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BOOK REVIEW: Annie Stanley, All At Sea by Sue Teddern

| 22 July 2021 | Reply

BOOK REVIEW: Annie Stanley, All At Sea by Sue Teddern

Mantle | Pan Macmillan
July 2021
Paperback $32.99
Reviewed by Steph O’Connell

Fiction / General Fiction

70% Rocking

Before we leave, I go to the loo. Before I go to the loo, I go to the dresser, take the urn of Dad’s ashes and cram it into my Fjällräven backpack which I left in the hall. The zip won’t close so I cover the urn with my scarf.
Dad isn’t being scattered in the Tyrol.
End of.

Thirty-seven-year-old Annie Stanley is at a bit of a loss after falling into a rut that she just can’t gather the energy to find her way out of. 

She quit her job as a geography teacher, she ended a relationship that might have helped save her from her rut, and now she spends her days hiding from her friends and family at daytime cinema sessions, or working a comfortable groove into that one spot on the couch.

Then suddenly her father is gone, she and her sister are orphans, and her father’s girlfriend has plans to scatter his ashes at a place wholly un-special to Annie and her sister.

Annie never was able to see eye-to-eye with Bev. Some part of Annie has always blamed her not-quite stepmother for taking her mother’s place in her father’s life, helping him to learn to live again, and move on after the death of her mother. 

So, rather than having her father’s ashes scattered at a place that doesn’t mean anything to their family, by a woman she feels has less right to grieve the sudden loss than Annie and her sister do, Annie steals the ashes and takes them on a tour of her father’s beloved shipping forecast areas to find an appropriately special place to scatter him, and hopefully come to terms with the fact that he is gone from her life for good.



The ride-along with Annie presented some interesting parallels for this thirty-something reviewer who has recently had to come to terms with:

  • Things she’s done and is not proud of
  • The truth of who really cares for her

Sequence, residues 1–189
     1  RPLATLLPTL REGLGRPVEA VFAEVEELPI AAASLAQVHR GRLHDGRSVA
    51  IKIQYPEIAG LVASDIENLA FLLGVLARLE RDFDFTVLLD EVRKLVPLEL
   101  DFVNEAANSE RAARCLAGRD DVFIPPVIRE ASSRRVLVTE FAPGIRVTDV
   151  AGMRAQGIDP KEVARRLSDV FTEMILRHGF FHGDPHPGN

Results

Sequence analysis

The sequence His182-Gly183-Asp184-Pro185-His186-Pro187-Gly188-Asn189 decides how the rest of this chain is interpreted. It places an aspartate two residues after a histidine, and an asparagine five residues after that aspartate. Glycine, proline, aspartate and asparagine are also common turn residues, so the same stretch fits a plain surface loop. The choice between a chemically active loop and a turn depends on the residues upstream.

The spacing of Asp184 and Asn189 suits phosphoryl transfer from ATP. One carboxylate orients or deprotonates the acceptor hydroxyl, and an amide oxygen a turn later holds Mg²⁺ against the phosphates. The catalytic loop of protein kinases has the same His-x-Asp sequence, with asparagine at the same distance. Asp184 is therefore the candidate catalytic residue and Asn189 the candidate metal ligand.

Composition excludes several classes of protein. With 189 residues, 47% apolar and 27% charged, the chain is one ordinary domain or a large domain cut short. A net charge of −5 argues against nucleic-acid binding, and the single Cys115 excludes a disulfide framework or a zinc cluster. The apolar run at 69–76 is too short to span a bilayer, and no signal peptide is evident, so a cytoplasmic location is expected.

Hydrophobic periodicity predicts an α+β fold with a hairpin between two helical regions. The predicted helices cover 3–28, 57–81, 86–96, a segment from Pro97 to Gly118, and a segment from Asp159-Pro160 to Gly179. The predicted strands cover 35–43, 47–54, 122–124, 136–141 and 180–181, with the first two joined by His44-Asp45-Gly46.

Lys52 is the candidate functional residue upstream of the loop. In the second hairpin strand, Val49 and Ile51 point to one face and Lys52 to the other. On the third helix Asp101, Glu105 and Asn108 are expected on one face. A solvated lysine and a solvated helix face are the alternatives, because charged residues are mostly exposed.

• The understanding that life is often “not fair”
  • The realisation that just because someone is supposed to be close to you, doesn’t mean they’re good for you

At the start of the book, Annie does give off the no-hoper vibes, but if you look beneath that you will see that what she is really struggling with is the weight of the imagined “life by thirty-five”, knowing you haven’t hit those goals, and then just not being able to figure out where to start to pick yourself back up by your bootstraps. 

When her father dies and she is pushed by a sudden rush of urgency to take the ashes and get out of of town, readers who have had some self-exploration will be right there with her, and maybe readers who are yet to come to these realisations will start to understand and prepare for what lies ahead. 

The loss of urgency in Annie’s journey about two thirds through the book was replicated in this reader’s loss of urgency to keep reading to find out what happens next, but with a regathering of strength, diving back in and seeing where it all ended up was rather therapeutic. I still can’t work out whether that loss of steam in the reader is a criticism, or evidence of writing done well.

This is a hard book to categorise. It’s at once a light and easy read – filled with wry, sarcastic humour – and an exploration of some heavier topics and self-discovery, without getting bogged down and leaving the reader depressed. An adventure both into the future – after the loss of a parent, and the past – re-examining the things we did when we were younger, maybe not in our finest of hours. 

It’s a story about our first judgements of people, and how we might discover what lies underneath and actually come to value them… when we’re forced to spend longer with them than we would have originally liked. 

It’s about finding family and friends in the most unlikely of places, and not letting the fact that you have baggage stop you from living your best life. After all, who among us can honestly say they’ve lived through thirty years or more and not picked up some baggage along the way?


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